I had my eyes opened by his response and a new understanding on how he became Pope in the ancient, and acknowledged intense political nature, of selecting a new pope.  But more importantly I realized that politics is intrinsic in every part of our lives, because politics is part of Human Nature.  

Aristotle, a student of Plato, famously identifies human beings as ‘political animals’. By this he does not mean that we are all, by our nature, interested in elections, or lobbying, or community organising, but rather that we all, by our nature, belong to the polis, which is to say to the city or to the city-state. It is a corollary of this view for Aristotle that if a person lives entirely outside of the bounds of human society, he or she cannot partake fully of what it is to be human; the proverbial child raised by wolves inevitably grows into a different sort of animal than you or I: non-political, and so not fully human.

There is not in the end such a sharp distinction between 'political’ in Aristotle’s sense, and in the sense in which we usually understand it today (voting, lobbying, etc.). To live in society at all is inevitably to embody and enact social roles that have political significance. Eric Arthur Blair, better known as George Orwell, understood this when he wrote that, “in our age there is no such thing as 'keeping out of politics’ All issues are political issues.”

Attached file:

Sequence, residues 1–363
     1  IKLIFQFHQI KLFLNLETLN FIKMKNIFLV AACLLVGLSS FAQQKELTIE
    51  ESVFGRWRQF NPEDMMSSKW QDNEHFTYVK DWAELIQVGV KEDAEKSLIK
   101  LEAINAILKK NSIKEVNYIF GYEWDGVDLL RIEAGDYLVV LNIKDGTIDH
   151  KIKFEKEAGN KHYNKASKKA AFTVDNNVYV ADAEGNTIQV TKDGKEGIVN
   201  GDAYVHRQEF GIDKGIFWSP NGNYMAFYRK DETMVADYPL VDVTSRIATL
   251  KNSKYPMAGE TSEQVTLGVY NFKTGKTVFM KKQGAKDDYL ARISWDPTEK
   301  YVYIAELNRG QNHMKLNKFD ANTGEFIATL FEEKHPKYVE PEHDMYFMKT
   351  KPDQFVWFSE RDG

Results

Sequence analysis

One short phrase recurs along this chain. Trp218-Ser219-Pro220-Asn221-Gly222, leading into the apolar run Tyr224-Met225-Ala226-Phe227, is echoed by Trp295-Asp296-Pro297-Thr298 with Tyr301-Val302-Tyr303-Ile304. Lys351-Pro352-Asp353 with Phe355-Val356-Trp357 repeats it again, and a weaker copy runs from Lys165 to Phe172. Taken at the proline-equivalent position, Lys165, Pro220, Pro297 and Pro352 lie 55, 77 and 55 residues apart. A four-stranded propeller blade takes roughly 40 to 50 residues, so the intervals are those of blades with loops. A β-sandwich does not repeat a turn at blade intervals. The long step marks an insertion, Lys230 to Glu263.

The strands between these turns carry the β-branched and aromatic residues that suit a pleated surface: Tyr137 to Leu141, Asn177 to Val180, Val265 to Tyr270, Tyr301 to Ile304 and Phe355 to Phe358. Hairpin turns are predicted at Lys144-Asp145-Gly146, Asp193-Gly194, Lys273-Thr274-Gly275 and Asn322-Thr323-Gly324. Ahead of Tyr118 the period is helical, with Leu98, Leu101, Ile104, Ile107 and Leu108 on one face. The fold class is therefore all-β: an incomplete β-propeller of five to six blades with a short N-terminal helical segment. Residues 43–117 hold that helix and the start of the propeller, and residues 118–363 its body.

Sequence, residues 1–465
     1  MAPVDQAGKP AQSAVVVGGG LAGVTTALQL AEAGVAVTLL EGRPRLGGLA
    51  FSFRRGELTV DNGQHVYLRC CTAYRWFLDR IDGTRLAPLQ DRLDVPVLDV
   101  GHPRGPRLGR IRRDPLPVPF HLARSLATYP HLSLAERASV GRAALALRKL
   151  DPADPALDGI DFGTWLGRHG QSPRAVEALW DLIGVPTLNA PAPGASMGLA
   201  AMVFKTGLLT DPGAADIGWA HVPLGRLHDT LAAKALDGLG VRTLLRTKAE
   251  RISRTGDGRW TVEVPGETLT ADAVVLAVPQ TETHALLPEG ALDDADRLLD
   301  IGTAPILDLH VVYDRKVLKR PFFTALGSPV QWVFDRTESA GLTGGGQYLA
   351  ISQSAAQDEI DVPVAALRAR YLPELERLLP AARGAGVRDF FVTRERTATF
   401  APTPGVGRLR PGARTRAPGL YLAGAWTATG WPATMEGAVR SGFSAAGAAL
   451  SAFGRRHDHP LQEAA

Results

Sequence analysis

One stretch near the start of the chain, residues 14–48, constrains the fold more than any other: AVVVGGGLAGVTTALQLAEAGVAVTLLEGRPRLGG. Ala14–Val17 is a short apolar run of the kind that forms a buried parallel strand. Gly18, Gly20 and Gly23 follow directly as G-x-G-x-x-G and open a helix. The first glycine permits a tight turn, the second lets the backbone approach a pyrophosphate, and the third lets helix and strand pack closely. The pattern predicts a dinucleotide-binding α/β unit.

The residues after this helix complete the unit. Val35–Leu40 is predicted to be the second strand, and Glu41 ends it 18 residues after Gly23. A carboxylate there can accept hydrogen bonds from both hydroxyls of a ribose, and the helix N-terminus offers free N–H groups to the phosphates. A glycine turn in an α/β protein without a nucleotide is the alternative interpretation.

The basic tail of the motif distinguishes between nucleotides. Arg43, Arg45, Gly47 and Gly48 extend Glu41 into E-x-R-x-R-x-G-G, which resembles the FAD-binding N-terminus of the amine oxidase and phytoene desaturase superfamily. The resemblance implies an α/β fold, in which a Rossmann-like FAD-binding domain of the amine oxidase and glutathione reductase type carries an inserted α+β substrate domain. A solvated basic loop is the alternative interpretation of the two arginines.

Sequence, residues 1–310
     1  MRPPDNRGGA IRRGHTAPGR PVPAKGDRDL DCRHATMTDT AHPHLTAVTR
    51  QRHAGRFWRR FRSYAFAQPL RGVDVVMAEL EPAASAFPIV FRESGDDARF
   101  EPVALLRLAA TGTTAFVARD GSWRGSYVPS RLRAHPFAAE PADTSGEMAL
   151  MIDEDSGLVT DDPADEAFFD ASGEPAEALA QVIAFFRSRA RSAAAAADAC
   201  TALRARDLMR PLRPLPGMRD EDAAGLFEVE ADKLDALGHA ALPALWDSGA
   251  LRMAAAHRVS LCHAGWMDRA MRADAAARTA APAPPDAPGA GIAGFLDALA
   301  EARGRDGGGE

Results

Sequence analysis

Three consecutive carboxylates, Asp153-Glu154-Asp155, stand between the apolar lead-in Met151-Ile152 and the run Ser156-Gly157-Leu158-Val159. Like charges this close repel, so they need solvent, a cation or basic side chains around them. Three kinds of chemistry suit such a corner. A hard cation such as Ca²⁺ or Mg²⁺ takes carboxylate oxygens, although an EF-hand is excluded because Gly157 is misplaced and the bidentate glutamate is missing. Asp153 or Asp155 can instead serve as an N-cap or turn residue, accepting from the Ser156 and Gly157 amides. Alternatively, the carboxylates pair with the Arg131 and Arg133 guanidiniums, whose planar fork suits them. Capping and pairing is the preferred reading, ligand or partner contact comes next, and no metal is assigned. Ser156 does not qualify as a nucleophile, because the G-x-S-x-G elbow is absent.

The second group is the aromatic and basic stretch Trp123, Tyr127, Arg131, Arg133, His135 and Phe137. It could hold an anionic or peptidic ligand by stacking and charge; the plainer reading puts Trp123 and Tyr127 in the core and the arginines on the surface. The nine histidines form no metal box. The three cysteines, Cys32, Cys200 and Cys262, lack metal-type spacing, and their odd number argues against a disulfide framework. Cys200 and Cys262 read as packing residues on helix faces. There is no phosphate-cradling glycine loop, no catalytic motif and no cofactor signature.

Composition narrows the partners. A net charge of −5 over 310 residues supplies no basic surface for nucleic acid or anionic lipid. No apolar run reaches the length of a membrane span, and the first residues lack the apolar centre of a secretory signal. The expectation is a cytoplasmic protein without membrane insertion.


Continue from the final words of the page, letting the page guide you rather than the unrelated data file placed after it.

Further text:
Today we see the best and worst of humanity playing out in politics ranging from small local elections to national campaigns.  Sometimes it is so ugly that people try to avoid it.  As the Orwell quote finishes, "and politics itself is a mass of lies, evasions, folly, hatred and schizophrenia" so many shy away from it, but it cannot be avoided.

These famous lines "the best of times, it was the worst of times", which open 'A Tale of Two Cities,' hint at the novel’s central tension between love and family, on the one hand, and oppression and hatred, on the other.  This suggests that good and evil, wisdom and folly, and light and darkness stand equally matched in their struggle.

"I see a beautiful city and a brilliant people rising from this abyss, and, in their struggles to be truly free, in their triumphs and defeats, through long years to come, I see the evil of this time and of the previous time of which this is the natural birth, gradually making expiation for itself and wearing out. . . ."

Though much debate has arisen regarding the value and meaning of Sydney Carton’s sacrifice at the end of the novel "A Tale of Two Cities," the surest key to interpretation rests in the thoughts contained in this passage, which the narrator attributes to Carton as he awaits his sacrificial death. This passage, which occurs in the final chapter, prophesies two resurrections: one personal, the other national. In a novel that seeks to examine the nature of political revolution—the overturning of one way of life for another—the struggles of France and of Sydney Carton mirror each other. Here, Dickens articulates the outcome of those struggles: just as Paris will “ris[e] from [the] abyss” of the French Revolution’s chaotic and bloody violence, so too will Carton be reborn into glory after a virtually wasted life. In the prophecy that Paris will become “a beautiful city” and that Carton’s name will be “made illustrious,” the reader sees evidence of Dickens’s faith in the essential goodness of humankind.

"It is a far, far better thing that I do, than I have ever done; it is a far, far better rest I go to than I have ever known," Sydney Carton.


Cris Alarcon, Feb 21, 2016.